We sat on the rocks below our campsite watching the tide come in. Above us a gauzy sheet of clouds hung in the high blue sky. Hanako looked up and said, “Iwashi-gumo, sardine clouds.” My mother looked up and said, “A Mackerel sky.” Fall is in the air.
My love of autumn quells the mourning of summer’s passing. As I settle into cooling climes and a get back to work mentality, inevitably it’s a time to reflect on how I spent that short glorious stretch of beautiful weather, the adventures had and the adventures missed.
This year we left Japan before the ume were ripe, passing the fruits of our dozen trees off to friends and family. It’s too much for Kuniko to handle alone and we can certainly do without making umeboshi for a few years, what with the jars and jars of them still stocked away in her pantry. But I do love the process, one that clearly bookends the start of summer.
Last year and the year prior, I took lead in making umeboshi, drawing on the copious notes I had from the year before Kuniko fell ill. She taught me to add red shisho to the ume after they have been salted and weighted to press out their juice. Red shiso imparts a dusty rose color to the plums. The year Kuniko taught me to make umeboshi the red shiso wasn’t ready before I had to leave for the States, so I never learned the proper ratio of shiso to plums. In 2014, when I took the reigns for the first time, Kuniko couldn’t remember how much shiso to use. I went to my local market to place an order and they suggested one bundle (6-8 stalks) per kilo of ume. I had 50 kilos of ume so I order 50 bundles of red shiso. Well the umeboshi from that year are a far cry from dusty rose. They are a distressing purple!
The following year I halved the amount of shiso I ordered. I spent a late June morning washing and drying the purple leaved stems on the balcony and plucking each leaf from the stems while checking for bugs. I began processing the leaves, salting them and gently massaging them to start the flow of colorful juice. Handful by handful I added them to the buckets of ume. It quickly became clear that even half the amount of shisho would be too much, so I halved it again. The color from that year is much closer to the lovely pink orbs that Kuniko always made.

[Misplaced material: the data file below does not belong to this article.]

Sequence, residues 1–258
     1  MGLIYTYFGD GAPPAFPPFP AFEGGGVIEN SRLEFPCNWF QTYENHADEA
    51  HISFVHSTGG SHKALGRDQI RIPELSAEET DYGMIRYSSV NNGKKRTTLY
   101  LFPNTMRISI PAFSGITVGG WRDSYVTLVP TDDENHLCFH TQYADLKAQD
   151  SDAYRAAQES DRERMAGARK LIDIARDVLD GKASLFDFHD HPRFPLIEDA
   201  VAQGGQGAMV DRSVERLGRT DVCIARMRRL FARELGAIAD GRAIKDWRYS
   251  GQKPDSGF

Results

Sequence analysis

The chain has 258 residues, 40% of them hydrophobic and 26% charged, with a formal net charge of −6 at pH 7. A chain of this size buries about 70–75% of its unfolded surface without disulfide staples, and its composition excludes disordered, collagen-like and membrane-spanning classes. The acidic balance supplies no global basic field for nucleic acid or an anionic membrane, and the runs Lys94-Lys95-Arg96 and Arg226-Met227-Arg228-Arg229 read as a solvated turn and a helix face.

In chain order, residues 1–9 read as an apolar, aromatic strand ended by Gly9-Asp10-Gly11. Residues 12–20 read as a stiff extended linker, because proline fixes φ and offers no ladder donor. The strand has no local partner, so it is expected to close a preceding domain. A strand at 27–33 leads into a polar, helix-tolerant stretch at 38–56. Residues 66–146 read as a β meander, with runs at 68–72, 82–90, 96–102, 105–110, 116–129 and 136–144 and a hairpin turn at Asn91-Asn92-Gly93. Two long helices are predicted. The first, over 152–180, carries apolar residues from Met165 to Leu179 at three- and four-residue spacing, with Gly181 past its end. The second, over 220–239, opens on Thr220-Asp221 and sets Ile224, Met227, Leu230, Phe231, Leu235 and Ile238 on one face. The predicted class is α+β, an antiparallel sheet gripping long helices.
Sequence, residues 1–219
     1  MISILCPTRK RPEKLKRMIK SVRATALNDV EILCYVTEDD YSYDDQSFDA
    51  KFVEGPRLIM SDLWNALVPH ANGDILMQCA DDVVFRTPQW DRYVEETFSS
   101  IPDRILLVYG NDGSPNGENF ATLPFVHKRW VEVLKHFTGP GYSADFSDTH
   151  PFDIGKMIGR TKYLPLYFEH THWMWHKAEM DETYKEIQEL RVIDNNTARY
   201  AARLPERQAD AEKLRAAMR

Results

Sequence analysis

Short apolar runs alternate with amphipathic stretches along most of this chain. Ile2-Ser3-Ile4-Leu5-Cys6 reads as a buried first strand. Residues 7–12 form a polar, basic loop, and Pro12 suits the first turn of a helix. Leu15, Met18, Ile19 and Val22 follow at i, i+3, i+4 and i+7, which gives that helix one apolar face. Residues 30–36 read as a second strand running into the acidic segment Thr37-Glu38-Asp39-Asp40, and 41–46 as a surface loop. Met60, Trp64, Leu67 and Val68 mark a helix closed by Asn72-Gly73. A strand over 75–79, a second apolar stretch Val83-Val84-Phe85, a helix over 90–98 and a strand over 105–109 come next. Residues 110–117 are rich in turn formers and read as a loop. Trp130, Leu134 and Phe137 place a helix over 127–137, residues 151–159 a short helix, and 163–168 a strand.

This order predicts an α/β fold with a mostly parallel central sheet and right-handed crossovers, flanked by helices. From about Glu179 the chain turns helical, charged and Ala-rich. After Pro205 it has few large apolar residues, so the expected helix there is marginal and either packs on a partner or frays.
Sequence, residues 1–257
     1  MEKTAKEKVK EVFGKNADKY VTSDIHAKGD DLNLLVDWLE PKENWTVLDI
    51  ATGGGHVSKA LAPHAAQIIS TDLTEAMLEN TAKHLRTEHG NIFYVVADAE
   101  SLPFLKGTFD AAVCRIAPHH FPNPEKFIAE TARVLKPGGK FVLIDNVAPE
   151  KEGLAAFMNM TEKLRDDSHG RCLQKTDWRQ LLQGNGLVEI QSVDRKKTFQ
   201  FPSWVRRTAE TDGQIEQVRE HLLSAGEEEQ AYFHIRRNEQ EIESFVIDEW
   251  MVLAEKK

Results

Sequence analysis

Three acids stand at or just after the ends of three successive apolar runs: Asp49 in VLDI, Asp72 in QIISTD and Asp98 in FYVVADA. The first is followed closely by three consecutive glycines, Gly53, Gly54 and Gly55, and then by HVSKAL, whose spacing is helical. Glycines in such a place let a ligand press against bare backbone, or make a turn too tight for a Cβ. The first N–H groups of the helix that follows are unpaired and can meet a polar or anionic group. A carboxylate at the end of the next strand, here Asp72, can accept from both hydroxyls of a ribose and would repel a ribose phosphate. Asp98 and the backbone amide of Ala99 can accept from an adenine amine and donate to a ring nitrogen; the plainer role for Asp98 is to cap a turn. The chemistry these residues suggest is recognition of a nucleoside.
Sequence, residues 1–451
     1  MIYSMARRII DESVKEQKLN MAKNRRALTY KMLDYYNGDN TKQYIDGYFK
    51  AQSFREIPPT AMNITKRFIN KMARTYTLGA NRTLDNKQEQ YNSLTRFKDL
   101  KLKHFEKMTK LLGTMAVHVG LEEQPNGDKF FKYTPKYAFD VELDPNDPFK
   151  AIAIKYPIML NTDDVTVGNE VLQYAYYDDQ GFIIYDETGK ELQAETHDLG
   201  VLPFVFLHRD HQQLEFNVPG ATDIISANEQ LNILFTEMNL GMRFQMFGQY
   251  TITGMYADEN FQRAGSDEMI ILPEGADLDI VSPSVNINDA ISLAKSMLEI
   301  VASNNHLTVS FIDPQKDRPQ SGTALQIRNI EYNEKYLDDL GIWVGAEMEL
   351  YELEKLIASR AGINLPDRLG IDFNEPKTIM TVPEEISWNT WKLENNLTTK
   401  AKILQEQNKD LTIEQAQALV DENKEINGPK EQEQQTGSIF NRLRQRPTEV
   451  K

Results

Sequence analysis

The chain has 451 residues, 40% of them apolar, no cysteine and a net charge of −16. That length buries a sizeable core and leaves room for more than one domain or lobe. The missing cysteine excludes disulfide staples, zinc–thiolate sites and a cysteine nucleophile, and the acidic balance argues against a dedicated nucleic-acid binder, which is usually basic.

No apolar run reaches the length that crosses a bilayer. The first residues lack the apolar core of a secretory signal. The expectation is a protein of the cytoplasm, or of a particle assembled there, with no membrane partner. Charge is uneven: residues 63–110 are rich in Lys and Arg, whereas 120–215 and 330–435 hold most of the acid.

But what to do with the great pile of fresh clean shiso leaves left over? Rooting around in Kuniko’s pantry I found a jar half full of several-year-old ume brine reserved after the umeboshi had been finished. I salted and massaged my left over shisho and added the leaves to the brine. I left for the States and thought no more of it.
Often the shiso leaves are pulled from a jar of umeboshi and dried in the sun, then ground to make yukari, a deep purple shiso salt sprinkled atop rice or onigiri. Knowing I wouldn’t make umeboshi this year, I satisfied my need to do something ume related by pulling a handful of leaves from the brine and drying them in the sun for a few afternoons in early June. I ground them up, bundled them in plastic bags and tossed them in my suitcase. We’ve decorated many a summer dish with that yukari. It’s a fresh alternative to salt, with a tart undertone and a rich purple color. It’s perfect sprinkled over sliced yellow cucumbers. We won’t use it much longer. As the days cool cooked root vegetables with butter and nuttier spices will replace the dishes of crisp raw vegetables with olive oil and shiso salt. But we’ll pull it out on those few hot days that punctuate September for a lingering taste of summer.